LOGAN — A resolution opposing the “creation, establishment or operation” of a needle exchange program in Logan County was adopted by county commissioners Monday, a little more than a month after they moved to begin drafting an ordinance to ban such operations within the county.
All three commissioners stood together in opposing a potential needle exchange program, and no one from the public spoke against the resolution. The only disagreements heard at the Monday meeting were between those who wanted an ordinance making needle exchanges illegal and those who believed a resolution would be enough to deter a program operating in the county.
Chris Trent, the victims advocate at the Logan County Sheriff’s Department, originally brought the idea for an ordinance banning needle exchanges to the County Commission on May 20. He said Monday that a resolution opposing the programs did not satisfy him.
“There’s no penalty, there’s none. If [a county agency] wanted to apply for grants for a needle exchange program, and start running it, what power is there to stop them?” Trent said.
Stephanie Abraham, the legal counsel for Logan County who drafted the resolution and the potential ordinance, said that, while a resolution has no law behind it, there are other mechanisms at play in the county that would prevent someone from operating it, and commissioners agreed.
Commission President Danny Godby said he doesn’t believe there is a chance that any other agency or department in Logan would pursue opening a needle exchange anytime soon.
“We’re all on board here — we have the health department, the sheriff’s department, the day report center, the representatives from the drug court — I’ve spoke to all of them, and they believe a resolution is the best way for us to go,” Godby said.
There has never been a needle exchange program operating in Logan County, and Steve Browning, administrator at the Logan County Health Department, has made it clear that — despite rumors circulating — there has never been an effort to open or secure funding for a needle exchange program.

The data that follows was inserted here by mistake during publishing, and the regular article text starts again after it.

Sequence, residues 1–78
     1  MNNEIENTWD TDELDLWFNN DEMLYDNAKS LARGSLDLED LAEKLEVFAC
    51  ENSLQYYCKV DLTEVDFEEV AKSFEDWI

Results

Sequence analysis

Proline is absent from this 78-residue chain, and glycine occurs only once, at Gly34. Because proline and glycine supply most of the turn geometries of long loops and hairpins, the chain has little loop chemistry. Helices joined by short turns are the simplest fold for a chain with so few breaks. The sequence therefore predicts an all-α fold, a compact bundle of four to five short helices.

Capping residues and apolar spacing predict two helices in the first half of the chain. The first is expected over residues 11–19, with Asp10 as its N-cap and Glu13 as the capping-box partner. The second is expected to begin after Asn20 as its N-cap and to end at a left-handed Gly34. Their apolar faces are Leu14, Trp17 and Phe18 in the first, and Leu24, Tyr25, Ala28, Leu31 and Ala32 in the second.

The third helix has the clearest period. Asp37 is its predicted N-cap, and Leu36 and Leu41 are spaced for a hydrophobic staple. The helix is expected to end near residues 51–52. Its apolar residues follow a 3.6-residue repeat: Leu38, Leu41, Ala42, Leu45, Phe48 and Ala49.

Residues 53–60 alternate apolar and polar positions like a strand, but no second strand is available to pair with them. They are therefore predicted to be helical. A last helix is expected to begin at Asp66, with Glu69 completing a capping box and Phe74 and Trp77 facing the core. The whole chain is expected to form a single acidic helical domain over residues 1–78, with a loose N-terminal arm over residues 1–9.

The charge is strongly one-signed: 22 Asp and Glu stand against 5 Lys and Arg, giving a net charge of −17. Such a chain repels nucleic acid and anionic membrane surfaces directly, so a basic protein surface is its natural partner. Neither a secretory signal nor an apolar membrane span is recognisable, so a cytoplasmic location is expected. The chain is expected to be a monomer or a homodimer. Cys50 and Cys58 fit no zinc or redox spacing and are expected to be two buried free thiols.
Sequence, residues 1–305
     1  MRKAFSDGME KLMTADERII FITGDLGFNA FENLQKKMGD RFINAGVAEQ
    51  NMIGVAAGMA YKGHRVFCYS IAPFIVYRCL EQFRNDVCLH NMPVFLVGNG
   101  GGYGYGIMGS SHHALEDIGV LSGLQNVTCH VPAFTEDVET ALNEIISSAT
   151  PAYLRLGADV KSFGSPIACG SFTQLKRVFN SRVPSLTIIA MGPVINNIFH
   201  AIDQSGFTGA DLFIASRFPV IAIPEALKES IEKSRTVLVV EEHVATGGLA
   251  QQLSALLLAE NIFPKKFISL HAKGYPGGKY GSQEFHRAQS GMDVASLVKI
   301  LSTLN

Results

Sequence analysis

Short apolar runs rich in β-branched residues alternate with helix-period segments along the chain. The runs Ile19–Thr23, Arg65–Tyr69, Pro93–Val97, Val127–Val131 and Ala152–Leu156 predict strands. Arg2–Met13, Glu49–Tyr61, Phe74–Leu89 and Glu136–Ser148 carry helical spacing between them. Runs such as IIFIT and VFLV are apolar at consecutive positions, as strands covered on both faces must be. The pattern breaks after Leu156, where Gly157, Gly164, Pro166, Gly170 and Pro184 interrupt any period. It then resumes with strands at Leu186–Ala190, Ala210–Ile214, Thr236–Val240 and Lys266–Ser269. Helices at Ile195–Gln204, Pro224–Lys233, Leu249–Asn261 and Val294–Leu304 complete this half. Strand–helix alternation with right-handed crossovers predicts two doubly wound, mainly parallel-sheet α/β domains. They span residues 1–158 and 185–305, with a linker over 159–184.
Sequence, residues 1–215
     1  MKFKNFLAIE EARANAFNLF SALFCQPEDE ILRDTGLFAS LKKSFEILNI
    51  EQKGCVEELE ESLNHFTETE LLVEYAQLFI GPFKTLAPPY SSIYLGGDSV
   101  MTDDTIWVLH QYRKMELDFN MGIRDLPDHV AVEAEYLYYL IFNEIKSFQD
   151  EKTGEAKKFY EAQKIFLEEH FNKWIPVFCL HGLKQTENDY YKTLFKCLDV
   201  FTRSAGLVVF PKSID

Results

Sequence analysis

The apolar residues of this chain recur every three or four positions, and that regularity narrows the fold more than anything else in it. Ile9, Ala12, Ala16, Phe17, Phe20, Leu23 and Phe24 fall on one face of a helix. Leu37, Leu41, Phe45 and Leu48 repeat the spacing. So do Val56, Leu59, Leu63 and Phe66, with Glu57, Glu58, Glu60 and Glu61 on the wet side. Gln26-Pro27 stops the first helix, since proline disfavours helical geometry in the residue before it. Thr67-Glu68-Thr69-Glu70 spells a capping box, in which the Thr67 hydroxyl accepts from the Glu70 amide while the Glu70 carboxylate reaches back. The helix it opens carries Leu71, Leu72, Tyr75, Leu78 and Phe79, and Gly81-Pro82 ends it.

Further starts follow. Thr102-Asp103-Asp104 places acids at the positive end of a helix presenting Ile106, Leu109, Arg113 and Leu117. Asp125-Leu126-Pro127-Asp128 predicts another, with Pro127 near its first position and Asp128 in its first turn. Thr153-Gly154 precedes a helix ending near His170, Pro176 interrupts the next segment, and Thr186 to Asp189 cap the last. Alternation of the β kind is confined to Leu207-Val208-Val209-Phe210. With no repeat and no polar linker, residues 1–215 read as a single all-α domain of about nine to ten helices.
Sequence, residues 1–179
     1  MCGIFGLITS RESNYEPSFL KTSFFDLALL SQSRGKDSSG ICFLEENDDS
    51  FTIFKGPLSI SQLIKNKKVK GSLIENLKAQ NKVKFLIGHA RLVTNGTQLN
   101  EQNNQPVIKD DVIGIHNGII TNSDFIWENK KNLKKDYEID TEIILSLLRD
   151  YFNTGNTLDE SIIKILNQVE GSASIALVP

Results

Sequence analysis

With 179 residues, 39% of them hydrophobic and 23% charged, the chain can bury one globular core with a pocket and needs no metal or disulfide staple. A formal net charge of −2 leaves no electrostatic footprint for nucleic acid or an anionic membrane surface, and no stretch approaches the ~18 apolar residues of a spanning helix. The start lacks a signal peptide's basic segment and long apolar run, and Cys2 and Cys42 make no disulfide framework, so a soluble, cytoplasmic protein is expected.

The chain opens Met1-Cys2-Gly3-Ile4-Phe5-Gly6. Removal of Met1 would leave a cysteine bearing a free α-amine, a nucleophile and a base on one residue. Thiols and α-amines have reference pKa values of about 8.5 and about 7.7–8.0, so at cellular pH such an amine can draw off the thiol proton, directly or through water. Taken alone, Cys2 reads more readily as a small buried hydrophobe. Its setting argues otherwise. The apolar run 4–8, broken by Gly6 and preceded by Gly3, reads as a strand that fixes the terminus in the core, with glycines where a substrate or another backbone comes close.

In the past, the health department applied for harm-reduction grants that allowed money to be used for such programs, but did not specify that it was mandatory, and funds could be used for anything from hepatitis and HIV screenings to community education initiatives.
Commissioner Danny Ellis said after the meeting that, despite those assurances, he’s “heard some talk” in the community about potential needle exchange programs, which he believed made it necessary to act on that chance now, instead of waiting.
Ellis was the only commissioner to speak in favor of an ordinance, as opposed to a resolution, however Godby said he initially agreed. In the month since first looking at drafting an ordinance, Godby said he’d become “more educated” on the issue through meetings and talks with local stakeholders, none of which were at Monday’s meeting.
In May, Commissioner Willie Akers voted against drafting an ordinance, saying he believed there was no need to put a law on the books for a non-existent program. He said Monday, though, that a resolution would achieve the goals of the commissioners and the community well enough.
Proponents for banning needle exchange programs in Logan County as well as those who support a resolution but not an outlawing, have frequently cited the closure of the Kanawha-Charleston Health Department’s program last year as a reason for not wanting one in their community. That closure has been heavily criticized, most recently in a study by Johns Hopkins University that said potentially hundreds of lives, as well as public safety, were even more at risk in Charleston after it lost its needle exchange.